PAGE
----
Morgiana Correa, activity director, and Patty Centobene, receptionist, show off their spirit for the cultural day celebration.

On May 9, 2016, Life Care Center of Tucson, Arizona, began its celebration of National Nursing Home Week.

 

In staying with the national theme, “It’s a Small World with a Big Heart,” the facility celebrated associates’ and residents’ various cultures.

 

Associates dressed up in different themes to celebrate a different culture each day. The activity department organized much of the celebration, including a cultural potluck, a Hawaiian luau and a video highlight show. Associates, residents and families were encouraged to participate in the activities.

 

The potluck included dishes from 10 countries from around the world. Fliers were placed by each dish to explain where the dish originated, why it was special to the preparer and what time of year it was usually prepared.

 

“The cultural potluck was very good,” said resident Suzanne Lentz. “Everybody went ‘mmm!’”

 

For the luau, associates served shaved ice along with fruit salad, and entertainment was provided by hula dancers.

           

Associates took part in a “Minute-to-Win-It” contest while residents watched them perform silly tricks. After the contest, residents took turns swinging at a piñata.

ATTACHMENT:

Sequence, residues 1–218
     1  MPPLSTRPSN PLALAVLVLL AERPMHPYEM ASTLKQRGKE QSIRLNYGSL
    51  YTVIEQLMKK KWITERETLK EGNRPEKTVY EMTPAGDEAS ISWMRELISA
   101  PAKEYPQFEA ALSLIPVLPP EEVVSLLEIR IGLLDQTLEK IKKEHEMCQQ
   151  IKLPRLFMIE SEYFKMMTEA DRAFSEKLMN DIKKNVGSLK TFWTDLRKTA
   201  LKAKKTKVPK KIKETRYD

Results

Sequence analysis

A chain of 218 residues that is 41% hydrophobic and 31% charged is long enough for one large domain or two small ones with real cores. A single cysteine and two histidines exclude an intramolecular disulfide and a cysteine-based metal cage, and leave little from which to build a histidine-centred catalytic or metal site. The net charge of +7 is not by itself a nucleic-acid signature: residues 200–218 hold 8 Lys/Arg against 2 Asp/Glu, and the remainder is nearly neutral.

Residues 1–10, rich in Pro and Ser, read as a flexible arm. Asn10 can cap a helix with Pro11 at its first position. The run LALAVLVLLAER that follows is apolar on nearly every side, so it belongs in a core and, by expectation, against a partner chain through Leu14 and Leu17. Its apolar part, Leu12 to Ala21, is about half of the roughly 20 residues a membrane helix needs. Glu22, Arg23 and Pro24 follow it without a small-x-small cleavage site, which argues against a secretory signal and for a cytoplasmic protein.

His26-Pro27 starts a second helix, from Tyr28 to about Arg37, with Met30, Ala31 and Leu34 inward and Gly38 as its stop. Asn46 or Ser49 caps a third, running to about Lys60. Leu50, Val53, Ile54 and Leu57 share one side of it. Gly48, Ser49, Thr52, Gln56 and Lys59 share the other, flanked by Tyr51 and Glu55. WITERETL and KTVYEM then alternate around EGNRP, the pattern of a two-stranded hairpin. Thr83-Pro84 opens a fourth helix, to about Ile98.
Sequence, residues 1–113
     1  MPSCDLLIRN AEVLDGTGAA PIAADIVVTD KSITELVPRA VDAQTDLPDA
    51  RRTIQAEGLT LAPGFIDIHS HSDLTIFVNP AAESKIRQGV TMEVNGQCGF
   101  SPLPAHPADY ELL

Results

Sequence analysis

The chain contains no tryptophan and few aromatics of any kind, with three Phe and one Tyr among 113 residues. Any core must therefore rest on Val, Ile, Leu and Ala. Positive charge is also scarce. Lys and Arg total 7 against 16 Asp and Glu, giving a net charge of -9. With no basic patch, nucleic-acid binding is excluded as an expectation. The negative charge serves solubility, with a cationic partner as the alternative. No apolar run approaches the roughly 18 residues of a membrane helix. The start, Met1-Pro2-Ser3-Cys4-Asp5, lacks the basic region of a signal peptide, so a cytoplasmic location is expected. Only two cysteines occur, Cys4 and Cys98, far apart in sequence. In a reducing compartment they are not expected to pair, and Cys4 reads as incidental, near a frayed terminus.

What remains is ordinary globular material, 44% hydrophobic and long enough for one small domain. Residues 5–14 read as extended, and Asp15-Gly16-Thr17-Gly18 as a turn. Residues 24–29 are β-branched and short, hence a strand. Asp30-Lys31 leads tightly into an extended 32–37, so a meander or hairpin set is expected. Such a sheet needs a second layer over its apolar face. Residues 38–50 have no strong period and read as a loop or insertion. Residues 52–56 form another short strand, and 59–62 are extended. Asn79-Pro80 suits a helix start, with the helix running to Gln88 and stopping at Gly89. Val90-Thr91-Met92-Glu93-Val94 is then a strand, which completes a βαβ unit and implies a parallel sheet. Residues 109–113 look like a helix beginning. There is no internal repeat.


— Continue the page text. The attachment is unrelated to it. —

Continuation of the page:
“I liked the hula dancers,” said resident Judy Frances. “My family enjoyed them, too! The dancers wanted us to dance with them, and that was fun!”

 

Some of the events that took place throughout the week included an elementary school mariachi band concert and a performance by the Ballet Folklorico dance school.

 

“I thought the Folkorico dancers did an excellent job,” said resident Jeffery Barron. “They were very professional! I thought they were terrific!”

 

Throughout the week, associates in the activity department filmed short video clips of residents and associates sharing their stories about their cultural heritage. There were stories from immigrants, settlers and Native American tribes.

 

One resident shared that his grandmother was a Native American princess from the Penobscot tribe, and he had been sent to live on the reservation to learn their ways when he was younger.

 

The short video clips were put together and edited into a longer video that was played for all of the residents and associates to watch.

 

View More Images